Dog cancer quality of life dog palliative care natural cancer treatment

Mistletoe (Viscum album) therapy for animals


Improving the Quality of Life


The Mistletoe is a semi-parasitic plant that was originally introduced for the

treatment of cancer in humans in the 1920’s by Rudolf Steiner, the founder of

anthroposophic medicine. It was already used by the Celtics in the past as the

“all healer” and it started with the tradition in human therapy. Clinically, mistletoe

has been found to work equally well for the animal’s therapy.

The primary goal of mistletoe therapy for tumour diseases is to improve and

maintain the quality of life of the affected animals. Many pets, especially dogs,

can show a rapid improvement in their general condition during mistletoe

treatment, with deeper relaxed sleep and an improved appetite. Older animals

are often more active on their daily walks. Tumour-related pain can be reduced,

the immune system can be strengthened and the side effects of chemotherapy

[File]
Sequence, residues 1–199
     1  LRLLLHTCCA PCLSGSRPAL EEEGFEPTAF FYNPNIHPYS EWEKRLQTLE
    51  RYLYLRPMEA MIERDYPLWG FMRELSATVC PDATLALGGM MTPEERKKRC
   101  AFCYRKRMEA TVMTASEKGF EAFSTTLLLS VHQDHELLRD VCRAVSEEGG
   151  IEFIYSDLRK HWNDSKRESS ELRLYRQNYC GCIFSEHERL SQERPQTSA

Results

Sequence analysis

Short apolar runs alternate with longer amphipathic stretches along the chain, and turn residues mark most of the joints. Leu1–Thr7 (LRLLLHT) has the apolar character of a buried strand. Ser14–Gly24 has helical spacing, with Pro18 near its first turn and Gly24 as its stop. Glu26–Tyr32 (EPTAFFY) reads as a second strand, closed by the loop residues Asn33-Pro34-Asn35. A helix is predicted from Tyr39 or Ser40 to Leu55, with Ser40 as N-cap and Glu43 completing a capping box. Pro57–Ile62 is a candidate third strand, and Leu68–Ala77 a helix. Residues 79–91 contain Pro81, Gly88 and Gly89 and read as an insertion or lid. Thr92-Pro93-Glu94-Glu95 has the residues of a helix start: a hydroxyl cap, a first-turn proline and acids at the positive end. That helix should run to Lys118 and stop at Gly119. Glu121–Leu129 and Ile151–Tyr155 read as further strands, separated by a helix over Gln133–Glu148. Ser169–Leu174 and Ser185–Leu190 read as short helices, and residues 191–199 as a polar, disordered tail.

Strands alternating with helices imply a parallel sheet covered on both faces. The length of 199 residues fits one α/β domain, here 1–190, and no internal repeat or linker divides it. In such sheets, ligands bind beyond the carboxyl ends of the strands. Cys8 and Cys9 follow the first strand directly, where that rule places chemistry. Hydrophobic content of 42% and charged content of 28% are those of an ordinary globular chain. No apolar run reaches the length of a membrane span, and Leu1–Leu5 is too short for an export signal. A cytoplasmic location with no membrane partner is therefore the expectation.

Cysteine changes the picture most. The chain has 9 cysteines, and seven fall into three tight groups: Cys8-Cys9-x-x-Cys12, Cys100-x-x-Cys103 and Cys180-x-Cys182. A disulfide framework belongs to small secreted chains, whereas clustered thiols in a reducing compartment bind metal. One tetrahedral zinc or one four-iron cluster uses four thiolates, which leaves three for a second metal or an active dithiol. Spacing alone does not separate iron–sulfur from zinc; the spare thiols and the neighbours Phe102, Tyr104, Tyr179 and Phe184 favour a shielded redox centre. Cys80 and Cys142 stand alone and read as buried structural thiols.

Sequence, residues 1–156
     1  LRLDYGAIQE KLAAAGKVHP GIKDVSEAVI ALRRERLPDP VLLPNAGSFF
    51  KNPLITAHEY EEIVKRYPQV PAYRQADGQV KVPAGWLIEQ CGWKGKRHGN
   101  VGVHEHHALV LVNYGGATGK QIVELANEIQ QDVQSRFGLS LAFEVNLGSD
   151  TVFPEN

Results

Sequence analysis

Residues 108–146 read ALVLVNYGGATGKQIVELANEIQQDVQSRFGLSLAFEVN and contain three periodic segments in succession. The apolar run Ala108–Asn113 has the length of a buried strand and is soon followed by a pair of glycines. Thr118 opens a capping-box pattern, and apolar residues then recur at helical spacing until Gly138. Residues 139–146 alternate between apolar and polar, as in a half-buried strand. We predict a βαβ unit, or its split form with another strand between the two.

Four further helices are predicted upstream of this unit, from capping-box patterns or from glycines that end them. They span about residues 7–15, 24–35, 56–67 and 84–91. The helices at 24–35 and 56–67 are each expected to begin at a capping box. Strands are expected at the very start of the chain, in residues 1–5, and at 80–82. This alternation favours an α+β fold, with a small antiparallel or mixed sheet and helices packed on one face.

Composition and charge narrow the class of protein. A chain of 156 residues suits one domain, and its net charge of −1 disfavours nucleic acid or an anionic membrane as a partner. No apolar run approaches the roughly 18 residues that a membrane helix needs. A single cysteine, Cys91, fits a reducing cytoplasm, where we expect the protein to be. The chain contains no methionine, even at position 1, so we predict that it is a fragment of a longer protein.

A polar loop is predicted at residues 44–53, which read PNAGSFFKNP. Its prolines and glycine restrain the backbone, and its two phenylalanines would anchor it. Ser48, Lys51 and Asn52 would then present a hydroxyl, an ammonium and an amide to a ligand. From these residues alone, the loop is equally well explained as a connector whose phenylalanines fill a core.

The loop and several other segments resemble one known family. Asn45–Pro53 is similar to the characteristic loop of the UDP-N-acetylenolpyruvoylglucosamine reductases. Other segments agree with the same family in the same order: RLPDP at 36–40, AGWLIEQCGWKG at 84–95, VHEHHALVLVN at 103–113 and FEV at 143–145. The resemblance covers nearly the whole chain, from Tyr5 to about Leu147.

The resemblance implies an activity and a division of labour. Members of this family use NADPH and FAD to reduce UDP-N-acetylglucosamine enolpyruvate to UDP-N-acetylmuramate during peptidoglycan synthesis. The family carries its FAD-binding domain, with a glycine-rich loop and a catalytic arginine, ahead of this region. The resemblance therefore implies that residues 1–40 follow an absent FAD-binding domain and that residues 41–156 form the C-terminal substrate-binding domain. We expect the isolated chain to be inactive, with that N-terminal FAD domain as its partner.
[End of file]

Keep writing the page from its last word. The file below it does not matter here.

and radiation therapy can be diminished. In small animals, mistletoe therapy

can extend the survival time after basic tumour therapy even if the tumour is still

there and the general state last well. In some animals, a retardation of the

tumour growth has been observed up to the growth stagnation of the tumour. In

virus-induced tumors like equines sarcoid or sticker sarcoma in dogs, the tumour can also completely disappear. Mistletoe treatment can be performed before or after tumour surgery, after or during chemotherapy or radiation. However, it is also used as the sole, primary therapy for equine sarcoid, for example. If a cure for cancer is no longer possible, mistletoe therapy is used as palliative care to alleviate the disease.

Let us know if you would like to learn more.

 We are here to support this journey


Gisela Novaes
Holistic Veterinarian - Certified Canine Myo Manipulative Functional Therapist

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